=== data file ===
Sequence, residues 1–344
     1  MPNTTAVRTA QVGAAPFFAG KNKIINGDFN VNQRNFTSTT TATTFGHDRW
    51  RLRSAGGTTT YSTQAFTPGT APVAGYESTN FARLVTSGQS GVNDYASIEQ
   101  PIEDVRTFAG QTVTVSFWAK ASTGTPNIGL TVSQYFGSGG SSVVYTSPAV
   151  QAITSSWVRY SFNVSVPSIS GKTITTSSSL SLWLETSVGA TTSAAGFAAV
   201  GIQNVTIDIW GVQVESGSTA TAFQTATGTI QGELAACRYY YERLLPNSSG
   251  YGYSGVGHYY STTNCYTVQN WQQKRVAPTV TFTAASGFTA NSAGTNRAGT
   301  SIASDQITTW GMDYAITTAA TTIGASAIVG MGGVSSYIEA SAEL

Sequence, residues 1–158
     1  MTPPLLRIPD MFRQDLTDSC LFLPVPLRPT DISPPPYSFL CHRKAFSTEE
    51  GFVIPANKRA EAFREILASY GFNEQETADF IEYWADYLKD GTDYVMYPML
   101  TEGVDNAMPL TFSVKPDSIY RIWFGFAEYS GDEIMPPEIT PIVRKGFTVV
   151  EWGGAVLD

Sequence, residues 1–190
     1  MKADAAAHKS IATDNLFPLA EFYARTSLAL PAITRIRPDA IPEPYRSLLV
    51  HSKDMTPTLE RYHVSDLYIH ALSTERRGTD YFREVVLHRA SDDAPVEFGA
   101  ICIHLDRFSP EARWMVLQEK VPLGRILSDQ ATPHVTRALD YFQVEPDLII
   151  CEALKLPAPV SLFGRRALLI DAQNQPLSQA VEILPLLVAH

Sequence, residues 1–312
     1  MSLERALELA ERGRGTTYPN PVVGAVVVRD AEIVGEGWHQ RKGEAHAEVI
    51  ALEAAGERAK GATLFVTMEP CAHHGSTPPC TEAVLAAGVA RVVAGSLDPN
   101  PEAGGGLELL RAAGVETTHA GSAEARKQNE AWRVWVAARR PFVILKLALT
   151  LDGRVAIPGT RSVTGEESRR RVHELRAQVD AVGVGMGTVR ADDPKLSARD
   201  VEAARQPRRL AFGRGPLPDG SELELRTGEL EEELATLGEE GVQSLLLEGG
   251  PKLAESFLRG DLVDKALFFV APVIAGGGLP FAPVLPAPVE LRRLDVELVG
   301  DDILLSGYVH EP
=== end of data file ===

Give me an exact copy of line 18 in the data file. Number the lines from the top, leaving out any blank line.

   151  CEALKLPAPV SLFGRRALLI DAQNQPLSQA VEILPLLVAH